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I think Thanksgiving must be a difficult time for those who feel bereft or abandoned. I remember my first thanksgiving prayer with the children at the Soup Kitchen. Brother Ray and I had worked hard to promote prayers of gratitude among the children. One distraught 9 year old girl shouted out, “I ain’t thankful for anything. I don’t even know who my daddy is.”
This morning when we were at prayer with some of the guests of the soup kitchen, we focused on the gifts we each bring to the community. One person commented on his gift of hospitality and then remarked that coming to the Capuchin Soup Kitchen was a different experience.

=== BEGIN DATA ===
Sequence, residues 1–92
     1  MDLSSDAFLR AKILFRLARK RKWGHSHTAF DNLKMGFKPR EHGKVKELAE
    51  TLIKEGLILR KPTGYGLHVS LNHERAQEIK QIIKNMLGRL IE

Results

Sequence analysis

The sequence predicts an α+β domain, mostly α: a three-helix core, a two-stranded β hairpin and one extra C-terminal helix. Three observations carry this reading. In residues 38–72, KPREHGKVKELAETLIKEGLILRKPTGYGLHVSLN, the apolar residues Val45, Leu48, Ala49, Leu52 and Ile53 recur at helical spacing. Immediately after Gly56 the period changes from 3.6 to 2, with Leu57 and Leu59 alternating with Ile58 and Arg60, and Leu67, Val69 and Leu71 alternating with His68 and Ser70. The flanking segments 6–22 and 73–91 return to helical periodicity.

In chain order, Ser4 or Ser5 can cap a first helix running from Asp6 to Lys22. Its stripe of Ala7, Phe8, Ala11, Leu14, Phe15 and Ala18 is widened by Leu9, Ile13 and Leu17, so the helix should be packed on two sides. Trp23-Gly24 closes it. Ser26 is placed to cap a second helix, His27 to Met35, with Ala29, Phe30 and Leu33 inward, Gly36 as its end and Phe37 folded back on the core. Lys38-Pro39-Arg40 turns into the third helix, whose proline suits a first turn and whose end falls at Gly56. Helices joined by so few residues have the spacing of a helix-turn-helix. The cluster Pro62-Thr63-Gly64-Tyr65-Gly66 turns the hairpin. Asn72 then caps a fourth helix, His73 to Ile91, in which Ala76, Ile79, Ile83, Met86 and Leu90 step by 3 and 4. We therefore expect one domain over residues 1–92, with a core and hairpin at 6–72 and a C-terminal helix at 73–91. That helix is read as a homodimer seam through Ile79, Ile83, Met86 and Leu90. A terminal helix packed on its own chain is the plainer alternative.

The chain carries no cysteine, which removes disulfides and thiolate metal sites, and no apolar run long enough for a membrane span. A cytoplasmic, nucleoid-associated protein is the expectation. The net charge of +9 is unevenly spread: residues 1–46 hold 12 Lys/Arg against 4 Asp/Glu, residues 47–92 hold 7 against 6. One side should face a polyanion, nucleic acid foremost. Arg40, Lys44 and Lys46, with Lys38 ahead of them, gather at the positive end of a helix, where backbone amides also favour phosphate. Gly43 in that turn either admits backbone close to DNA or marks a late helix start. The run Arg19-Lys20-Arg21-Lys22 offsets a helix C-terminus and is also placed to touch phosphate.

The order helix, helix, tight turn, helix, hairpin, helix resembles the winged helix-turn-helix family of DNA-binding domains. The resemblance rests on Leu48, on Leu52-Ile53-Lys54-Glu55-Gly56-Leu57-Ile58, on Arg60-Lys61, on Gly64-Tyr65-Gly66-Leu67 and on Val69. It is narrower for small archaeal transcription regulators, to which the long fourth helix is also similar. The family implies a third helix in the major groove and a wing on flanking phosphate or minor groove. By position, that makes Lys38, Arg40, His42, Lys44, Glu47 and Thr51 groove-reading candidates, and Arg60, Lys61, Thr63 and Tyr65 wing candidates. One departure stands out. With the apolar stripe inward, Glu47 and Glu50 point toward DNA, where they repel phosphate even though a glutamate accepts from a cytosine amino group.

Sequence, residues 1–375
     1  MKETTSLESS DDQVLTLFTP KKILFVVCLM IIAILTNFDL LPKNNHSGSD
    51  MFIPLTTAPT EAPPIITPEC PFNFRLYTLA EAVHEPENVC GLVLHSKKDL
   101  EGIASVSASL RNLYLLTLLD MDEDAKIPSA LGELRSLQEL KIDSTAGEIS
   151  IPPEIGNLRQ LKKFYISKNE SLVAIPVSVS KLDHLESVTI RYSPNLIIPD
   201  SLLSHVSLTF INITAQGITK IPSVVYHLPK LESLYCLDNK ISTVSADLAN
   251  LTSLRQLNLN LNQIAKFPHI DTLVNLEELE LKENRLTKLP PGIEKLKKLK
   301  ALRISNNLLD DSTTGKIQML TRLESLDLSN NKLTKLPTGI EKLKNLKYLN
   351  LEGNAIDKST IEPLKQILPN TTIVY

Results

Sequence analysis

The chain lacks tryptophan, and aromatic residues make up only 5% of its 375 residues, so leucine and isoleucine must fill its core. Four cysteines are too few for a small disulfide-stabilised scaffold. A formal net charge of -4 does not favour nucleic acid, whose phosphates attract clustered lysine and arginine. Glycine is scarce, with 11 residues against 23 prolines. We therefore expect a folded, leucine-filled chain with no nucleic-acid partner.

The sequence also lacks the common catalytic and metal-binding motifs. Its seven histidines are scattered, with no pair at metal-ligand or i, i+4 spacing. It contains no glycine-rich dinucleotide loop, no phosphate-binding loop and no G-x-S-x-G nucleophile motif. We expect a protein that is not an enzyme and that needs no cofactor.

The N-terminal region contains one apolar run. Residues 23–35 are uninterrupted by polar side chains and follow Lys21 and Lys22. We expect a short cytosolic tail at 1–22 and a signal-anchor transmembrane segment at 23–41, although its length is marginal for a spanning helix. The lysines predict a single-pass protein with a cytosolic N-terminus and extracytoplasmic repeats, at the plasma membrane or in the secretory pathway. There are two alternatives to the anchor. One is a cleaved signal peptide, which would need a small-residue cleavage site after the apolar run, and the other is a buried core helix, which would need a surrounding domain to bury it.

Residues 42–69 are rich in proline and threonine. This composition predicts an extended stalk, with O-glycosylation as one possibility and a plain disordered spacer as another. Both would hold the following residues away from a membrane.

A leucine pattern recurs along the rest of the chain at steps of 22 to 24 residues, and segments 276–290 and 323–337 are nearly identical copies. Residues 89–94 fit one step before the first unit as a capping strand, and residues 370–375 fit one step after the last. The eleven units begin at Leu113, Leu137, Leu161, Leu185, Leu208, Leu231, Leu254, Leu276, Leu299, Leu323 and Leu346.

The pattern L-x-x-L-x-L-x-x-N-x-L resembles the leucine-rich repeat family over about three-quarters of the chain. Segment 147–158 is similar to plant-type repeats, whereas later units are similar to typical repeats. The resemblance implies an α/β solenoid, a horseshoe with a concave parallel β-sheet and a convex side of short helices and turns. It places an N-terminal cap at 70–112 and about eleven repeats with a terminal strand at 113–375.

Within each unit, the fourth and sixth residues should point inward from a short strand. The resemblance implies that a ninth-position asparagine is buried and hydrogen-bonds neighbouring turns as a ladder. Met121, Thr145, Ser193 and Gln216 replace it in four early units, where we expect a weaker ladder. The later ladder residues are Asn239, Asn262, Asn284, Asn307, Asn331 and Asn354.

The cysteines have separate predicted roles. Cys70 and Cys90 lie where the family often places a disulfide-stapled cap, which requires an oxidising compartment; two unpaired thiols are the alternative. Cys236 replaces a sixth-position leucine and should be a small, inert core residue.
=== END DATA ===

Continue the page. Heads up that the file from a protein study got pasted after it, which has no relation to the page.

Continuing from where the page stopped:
Our mission at the Capuchin Soup Kitchen in Detroit is “to tend to people’s basic needs, especially the need for food; stimulate minds and nourish spirits, and work to understand and address root causes of social injustice.” We do not receive any government funding; we rely on the generosity of others.
Our largest fundraising event, the SOCK dinner, was held last Friday evening at Cobo Center. And oh, what a night it was! It was an evening of compassion and understanding for others.
We have created a number of art therapy project themes related to the Autumn and Halloween season. The younger children designed four pumpkins each with different feelings. We had a lot of fun making sad, mad, scared and happy pumpkins. We talked a lot about feelings and that feelings are not bad; they are good clues, in fact. But sometimes, what we do with our feelings gets us in trouble.